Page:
This post was first posted June 15th, 1919. I have added something to the post tonight. February 8th, 2021.
In a few days the film 5B about the first AIDS Ward at San Francisco General Hospital, will open. It has already been shown at the film festival in Cannes.
Alison Moëd, in the film, was one of the first people I interviewed at San Francisco General Hospital, in 1987.
A relative of mine just sent me this article about it:
Tomorrow I am off to Gothenburg, to speak in a church on Sunday. Pride finishes there tomorrow, Saturday.
I will speak about the work I have done, but I will also talk about a similar service that took place in Stockholm, in 1990, in Storkyrkan, the big church in Old Town.
But first I want to mention another service in the same church, a few years earlier, April 21st, 1985. There were a lot of discussions about homosexual people and sex in the society, and the Archbishop had suggested that homosexual people should live in celibacy, because “sexuality belongs in marriage”.
This was a service, with the Bishop of Stockholm, Krister Stendahl and other priest, about God´s love for all, and healing.
Suddenly a man started screaming: This is Satan´s Synagogue!, and he screamed and screamed.
There were police there dressed in civilian clothes, and they and some visitors carried him out.
But then other men, that had positioned them selves in other places in the church, started screaming and cursing. And visitors started crying.
Bishop Stendahl started singing We shall overcome, and people sang and cried.
It is something very special to hear a person scream in a church.
For several years I was worried that something similar would happen. And it did, but in different ways. There was some screaming, but his time we were prepared. Other times but people would stand outside the church with big placards saying we would die, or dressed in monk´s habits with dark hoods as Death, with scythes, waiting for us.
There were police, but they were not there to protect us, but the demonstrators that turned out to be Jehova´s Witnesses.
But back to 1990.
Pride in Stockholm always ends in Storkyrkan, with a service called Kärlekens Mässa / A service of Love, with communion and all. The church is usually packed with people; gay people, parents of gay people, friends.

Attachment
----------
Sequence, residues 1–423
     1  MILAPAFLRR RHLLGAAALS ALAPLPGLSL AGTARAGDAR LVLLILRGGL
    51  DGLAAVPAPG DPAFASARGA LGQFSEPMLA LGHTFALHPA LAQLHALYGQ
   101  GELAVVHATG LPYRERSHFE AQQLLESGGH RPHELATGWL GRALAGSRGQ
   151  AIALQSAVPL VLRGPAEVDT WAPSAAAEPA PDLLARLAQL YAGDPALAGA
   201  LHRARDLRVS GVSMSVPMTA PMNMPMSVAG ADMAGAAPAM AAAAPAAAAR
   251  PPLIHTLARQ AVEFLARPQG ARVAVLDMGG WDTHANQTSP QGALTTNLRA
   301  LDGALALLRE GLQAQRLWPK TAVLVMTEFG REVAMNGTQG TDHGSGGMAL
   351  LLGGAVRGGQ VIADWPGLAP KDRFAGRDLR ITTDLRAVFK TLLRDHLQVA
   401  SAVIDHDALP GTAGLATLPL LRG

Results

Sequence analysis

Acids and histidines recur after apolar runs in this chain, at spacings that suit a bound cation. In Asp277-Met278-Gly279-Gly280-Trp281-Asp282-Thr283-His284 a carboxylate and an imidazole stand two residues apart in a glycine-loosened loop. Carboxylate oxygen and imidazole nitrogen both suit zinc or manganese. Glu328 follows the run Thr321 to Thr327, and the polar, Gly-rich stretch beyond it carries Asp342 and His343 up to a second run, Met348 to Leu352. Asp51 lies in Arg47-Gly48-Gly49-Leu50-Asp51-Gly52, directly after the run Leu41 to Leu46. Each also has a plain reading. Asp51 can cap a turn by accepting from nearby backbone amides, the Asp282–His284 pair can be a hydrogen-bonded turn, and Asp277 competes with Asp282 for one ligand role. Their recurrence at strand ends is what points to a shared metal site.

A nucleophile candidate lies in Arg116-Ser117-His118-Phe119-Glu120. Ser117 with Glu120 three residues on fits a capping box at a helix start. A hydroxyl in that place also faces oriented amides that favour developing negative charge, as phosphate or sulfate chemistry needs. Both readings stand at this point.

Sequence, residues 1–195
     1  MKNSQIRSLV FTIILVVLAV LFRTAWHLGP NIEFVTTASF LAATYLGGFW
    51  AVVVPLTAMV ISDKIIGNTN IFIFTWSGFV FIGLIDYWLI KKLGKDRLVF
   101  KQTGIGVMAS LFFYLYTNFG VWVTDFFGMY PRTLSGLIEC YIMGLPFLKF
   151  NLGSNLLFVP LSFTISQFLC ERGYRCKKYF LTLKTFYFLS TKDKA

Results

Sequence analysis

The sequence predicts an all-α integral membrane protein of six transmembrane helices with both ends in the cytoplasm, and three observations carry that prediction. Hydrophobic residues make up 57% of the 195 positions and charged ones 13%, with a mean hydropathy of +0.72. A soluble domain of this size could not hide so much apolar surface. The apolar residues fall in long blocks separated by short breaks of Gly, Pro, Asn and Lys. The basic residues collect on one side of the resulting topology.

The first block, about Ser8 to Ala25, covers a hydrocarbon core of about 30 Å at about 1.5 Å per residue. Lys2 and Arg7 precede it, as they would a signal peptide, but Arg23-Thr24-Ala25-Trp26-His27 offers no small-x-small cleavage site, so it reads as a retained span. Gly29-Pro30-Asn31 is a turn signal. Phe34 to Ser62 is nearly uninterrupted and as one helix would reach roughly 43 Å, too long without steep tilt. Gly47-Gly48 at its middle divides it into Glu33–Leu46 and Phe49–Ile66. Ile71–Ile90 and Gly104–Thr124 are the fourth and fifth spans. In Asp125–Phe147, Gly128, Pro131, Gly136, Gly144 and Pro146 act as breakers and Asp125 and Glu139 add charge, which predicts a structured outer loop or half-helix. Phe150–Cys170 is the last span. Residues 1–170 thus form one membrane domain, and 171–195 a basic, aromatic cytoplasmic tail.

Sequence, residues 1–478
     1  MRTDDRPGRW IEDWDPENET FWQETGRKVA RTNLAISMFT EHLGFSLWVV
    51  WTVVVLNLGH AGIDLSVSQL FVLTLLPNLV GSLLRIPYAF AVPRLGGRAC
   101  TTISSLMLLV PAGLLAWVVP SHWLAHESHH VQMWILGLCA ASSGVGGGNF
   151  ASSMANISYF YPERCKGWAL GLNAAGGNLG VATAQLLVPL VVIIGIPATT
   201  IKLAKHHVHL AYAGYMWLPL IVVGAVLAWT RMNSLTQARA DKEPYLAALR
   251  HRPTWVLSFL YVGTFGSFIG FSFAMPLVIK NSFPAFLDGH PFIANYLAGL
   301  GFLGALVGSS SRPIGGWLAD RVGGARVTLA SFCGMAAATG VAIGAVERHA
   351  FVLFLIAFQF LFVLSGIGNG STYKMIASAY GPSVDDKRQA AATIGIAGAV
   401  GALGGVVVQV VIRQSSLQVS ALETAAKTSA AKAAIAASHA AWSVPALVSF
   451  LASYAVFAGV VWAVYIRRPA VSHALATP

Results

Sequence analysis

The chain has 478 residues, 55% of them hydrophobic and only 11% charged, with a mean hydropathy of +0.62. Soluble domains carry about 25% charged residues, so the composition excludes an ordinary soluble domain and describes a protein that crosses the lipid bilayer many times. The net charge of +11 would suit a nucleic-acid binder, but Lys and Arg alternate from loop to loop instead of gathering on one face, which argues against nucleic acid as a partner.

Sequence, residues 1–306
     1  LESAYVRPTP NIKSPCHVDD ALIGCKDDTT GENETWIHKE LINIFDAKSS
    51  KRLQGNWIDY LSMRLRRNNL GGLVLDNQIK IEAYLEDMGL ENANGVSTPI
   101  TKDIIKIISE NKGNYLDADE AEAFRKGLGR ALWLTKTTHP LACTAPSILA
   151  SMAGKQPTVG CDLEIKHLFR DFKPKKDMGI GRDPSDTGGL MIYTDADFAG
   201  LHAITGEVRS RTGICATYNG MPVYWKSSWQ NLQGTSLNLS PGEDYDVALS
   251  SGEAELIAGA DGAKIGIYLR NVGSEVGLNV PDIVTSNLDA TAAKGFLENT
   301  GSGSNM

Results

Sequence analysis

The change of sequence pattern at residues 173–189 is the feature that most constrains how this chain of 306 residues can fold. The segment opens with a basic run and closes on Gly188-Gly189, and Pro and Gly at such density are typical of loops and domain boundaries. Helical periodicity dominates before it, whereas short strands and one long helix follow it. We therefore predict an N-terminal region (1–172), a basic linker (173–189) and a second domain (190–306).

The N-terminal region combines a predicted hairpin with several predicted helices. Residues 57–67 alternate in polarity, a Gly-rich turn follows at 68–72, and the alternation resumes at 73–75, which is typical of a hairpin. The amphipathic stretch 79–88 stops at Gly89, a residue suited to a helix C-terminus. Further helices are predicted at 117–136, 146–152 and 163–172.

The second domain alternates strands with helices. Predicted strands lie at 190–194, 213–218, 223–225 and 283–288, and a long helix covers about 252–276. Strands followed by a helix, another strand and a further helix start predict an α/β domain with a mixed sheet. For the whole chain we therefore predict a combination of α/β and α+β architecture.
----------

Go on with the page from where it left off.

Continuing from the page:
Before the service, we who were supposed to participate, gathered in the vestry. We were told that a gay man had been stabbed to death in Gothenburg. It gave the service a very serious and chilling dimension.
It turned out that this man had been provoked by two men outside a gay club, and he didn´t back off, but went after them and that sealed his fate. He was cornered, and then stabbed, 40 or 50 times.
The killers were very young, 19 and 22, and they were Neo-Nazi´s. They went to jail for this, but not for long. One of them has killed another gay man since. He thinks it is his right. During the trial, one of the older female Swedish Nazis was there to support the young men. She was interviewed about it, and she said: We don´t see Homosexuals as people. We regard this as cleansing!
(To my horror I found out that she lived in Vadstena that I eventually moved to, after my retirement in 2016. It is a town known for the saint The Holy Birgitta, churches and a convent for The Birgittine Nuns.
The Nazi, born 1928, still had a big portrait of Hitler in her home and she tried to invite young people to her home. She eventually moved away in protest, because there was a Pride March in this little city. )
But back to 1990.
My part in the service was to read a poem, and I read it and finished by mentioning all the men I had known that had passed away in HIV/AIDS. They were so many that I forgot some of them.
Death is nothing at all
I have only slipped away into the next room
I am I and you are you
Whatever we were to each other
That we are still
Call me by my own familiar name
Speak to me in the easy way you always used
Put no difference into your tone
Wear no forced air of solemnity or sorrow
Laugh as we always laughed
At the little jokes we always enjoyed together
Play, smile, think of me, pray for me
Let my name be ever the household word that it always was
Let it be spoken without effort
Without the ghost of a shadow in it
Life means all that it ever was
There is absolute unbroken continuity
What is death but a negligible accident?
Why should I be out of mind
Because I am out of sight?
I am waiting for you for an interval
Somewhere very near
Just around the corner
All is well.
Henry Scott Holland (1847-1918),